- If you are attending an emergency department please bring any information with you that will assist as we are not able to access our patient administration systems. This could be any document or record which includes your Medical Record Number (MRN) or Patient Chart Number (PCN). This information is usually on a sticker on hospital documentation, your current list of medications or prescriptions, or any hospital discharge information from a previous time spent in hospital.
- The NIMIS platform that delivers digital radiology is now live again in most sites, and progress on this is being made in the remaining hospitals. Radiotherapy are endeavouring to treat all urgent radiation patients where possible by utilising a contingency plan with treatment by less impacted HSE facilities and also the use of private sector facilities.
- To reassure patients, routine radiation treatments can be temporarily interrupted safely and without negatively impacting their outcome. Patients will be contacted directly by staff about their appointments and any concerns they may have. When services are restored at individual sites it will take a period of time to reschedule appointments and deal with any backlogs that have built up.
- The cyber-attack has caused a major disruption to our radiotherapy services. For non-emergency radiation treatments, this delay should not have a negative impact on your treatment. We are treating all urgent radiation patients using private hospitals. Patients are being treated based on their clinical priority. Radiotherapy treatments have restarted in St. Luke’s Radiation Oncology Network (SLRON) and University Hospital Galway. Cork University Hospital is aiming for restart this week in their public centre and high priority patients are using local private radiation oncology facilities. We will be contacting patients directly about their appointments. If you feel unwell or have concerns about your treatment, you can contact your radiotherapy service by phone: St Luke’s Radiation Oncology Network (Beaumont, St. James’s, Rathgar): 01 406 5000 Cork University Hospital: 021 423 4774 University Hospital Galway: 091 542603, 091 542607, 091 542523
- The National Screening Services has advised that the cyber attack has affected the screening pathways of all of their programmes. This is causing some disruption to services. Bowelscreen and Diabetic Retina Screen are continuing to screen. BreastCheck screening appointments are going ahead within the current Covid 19 restrictions. CervicalCheck screening appointments resumed from Monday, 24 May after a temporary pause. If you have a screening appointment, go to it as planned. You will find more details here.
- COVID 19 contacts, including school close contacts are now once again receiving a text message with details of where and when they need to get their COVID 19 test. It is really important from a public health management perspective, that these people attend for the test appointment as outlined in the text message rather than attend a walk-in test centre without an appointment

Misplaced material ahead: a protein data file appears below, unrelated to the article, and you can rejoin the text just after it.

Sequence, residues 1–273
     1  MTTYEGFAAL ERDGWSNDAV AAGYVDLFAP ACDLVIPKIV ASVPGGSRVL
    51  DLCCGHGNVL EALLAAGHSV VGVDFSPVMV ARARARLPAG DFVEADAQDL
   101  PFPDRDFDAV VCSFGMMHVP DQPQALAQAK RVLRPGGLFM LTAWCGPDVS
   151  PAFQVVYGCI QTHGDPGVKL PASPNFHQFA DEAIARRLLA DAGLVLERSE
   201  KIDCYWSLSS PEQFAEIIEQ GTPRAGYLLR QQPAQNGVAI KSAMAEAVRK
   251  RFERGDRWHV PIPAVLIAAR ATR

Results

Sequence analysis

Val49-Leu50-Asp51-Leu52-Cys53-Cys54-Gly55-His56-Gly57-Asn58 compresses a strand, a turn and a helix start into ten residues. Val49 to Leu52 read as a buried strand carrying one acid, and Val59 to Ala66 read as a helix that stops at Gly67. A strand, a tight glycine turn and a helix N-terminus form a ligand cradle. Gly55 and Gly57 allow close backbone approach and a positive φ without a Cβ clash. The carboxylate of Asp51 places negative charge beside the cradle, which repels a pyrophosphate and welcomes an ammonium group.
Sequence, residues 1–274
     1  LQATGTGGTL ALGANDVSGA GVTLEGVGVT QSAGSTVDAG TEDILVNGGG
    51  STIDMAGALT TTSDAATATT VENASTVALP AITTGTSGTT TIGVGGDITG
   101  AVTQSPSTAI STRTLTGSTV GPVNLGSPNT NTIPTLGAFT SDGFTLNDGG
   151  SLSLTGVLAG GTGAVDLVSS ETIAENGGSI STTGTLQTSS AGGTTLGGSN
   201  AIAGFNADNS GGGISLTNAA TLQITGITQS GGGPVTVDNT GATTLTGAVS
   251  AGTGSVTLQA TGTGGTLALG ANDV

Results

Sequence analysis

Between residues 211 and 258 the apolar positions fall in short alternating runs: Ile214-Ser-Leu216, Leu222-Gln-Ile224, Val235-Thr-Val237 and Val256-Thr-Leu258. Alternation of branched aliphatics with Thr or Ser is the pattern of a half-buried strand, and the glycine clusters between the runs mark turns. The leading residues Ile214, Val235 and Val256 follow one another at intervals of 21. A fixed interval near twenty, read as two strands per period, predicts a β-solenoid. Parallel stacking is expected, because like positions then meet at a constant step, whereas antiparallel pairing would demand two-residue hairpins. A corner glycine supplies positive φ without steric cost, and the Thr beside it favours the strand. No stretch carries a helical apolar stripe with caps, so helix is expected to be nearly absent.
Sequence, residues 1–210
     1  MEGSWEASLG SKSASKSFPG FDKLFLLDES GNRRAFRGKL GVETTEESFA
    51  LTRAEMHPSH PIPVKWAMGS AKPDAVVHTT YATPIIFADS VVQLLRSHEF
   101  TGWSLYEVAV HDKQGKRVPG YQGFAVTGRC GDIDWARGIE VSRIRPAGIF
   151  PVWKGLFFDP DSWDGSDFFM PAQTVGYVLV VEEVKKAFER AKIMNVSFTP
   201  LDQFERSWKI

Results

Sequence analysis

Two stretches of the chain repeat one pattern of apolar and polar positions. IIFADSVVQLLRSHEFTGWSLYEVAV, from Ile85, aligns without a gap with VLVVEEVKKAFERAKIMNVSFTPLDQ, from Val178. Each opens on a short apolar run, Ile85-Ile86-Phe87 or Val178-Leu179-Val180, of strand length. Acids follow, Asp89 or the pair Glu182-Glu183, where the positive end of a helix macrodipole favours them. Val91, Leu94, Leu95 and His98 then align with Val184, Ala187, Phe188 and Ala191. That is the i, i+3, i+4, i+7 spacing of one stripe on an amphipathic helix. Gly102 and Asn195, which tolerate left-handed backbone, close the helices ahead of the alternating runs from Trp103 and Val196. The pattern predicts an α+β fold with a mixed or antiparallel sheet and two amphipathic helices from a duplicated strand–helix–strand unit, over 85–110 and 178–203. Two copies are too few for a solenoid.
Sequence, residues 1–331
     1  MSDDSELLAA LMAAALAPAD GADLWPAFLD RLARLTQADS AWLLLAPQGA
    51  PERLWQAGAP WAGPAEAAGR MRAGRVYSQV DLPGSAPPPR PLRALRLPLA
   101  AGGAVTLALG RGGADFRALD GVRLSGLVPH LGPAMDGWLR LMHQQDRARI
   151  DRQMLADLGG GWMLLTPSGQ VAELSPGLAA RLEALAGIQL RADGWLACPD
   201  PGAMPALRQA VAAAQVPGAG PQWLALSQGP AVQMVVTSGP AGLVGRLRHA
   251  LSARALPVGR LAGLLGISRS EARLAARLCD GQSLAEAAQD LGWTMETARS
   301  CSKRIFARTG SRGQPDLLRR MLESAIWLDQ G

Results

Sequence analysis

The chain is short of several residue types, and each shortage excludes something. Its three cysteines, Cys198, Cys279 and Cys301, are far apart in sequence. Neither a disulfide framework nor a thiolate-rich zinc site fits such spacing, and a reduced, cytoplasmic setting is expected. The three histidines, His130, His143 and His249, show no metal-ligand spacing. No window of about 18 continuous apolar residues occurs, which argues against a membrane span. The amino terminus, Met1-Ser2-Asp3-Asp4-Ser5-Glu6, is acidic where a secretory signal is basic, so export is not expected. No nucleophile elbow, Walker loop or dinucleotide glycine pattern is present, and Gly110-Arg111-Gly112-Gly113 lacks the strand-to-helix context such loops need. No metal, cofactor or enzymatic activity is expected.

- The HSE’s Chief Clinical Officer has provided guidance to all clinicians on patient safety and priority focus while our services respond to this attack – see HSE Clinical Guidance here.
- Hospitals and community services nationwide are seeing varied impacts, but all teams are responding with contingency arrangements, including redeploying staff, rescheduling some procedures and appointments, and adjusting processes as needed.
Information Systems Response:
- The encryption tool is being deployed on individual systems when this is safe.
- Steady progress is being made on the restoration of some IT systems or parts of the IT system in voluntary hospitals. Some hospital labs and radiology systems have been restored and are operational. A number of sites have partially restored local IT systems within their local sites. However, for other hospitals we are looking at a longer period of restoration.
- Our priority remains on bringing back key patient care systems in line with clinical priority. This includes diagnostic imaging, laboratory systems and radiation oncology.
- Work is ongoing to find interim solutions and options to continue to treat affected patients on an emergency basis where we anticipate IT systems may be impacted for an extended period.
- There are approximately 2,000 IT patient facing systems, each supported by infrastructure, multiple servers and devices. They are still being put through a rigorous process of assessment and recovery in a controlled and structured way.
- In addition, there are 80,000 HSE devices which are being assessed. The IT system has grown and evolved over 30 years, and we are trying to bring it back online. Different sections will need to be brought back online in a structured, co-ordinated, safe way.
- While we believe we will have lost some details of recent clinical activity we anticipate that we will be able to recover older patient records.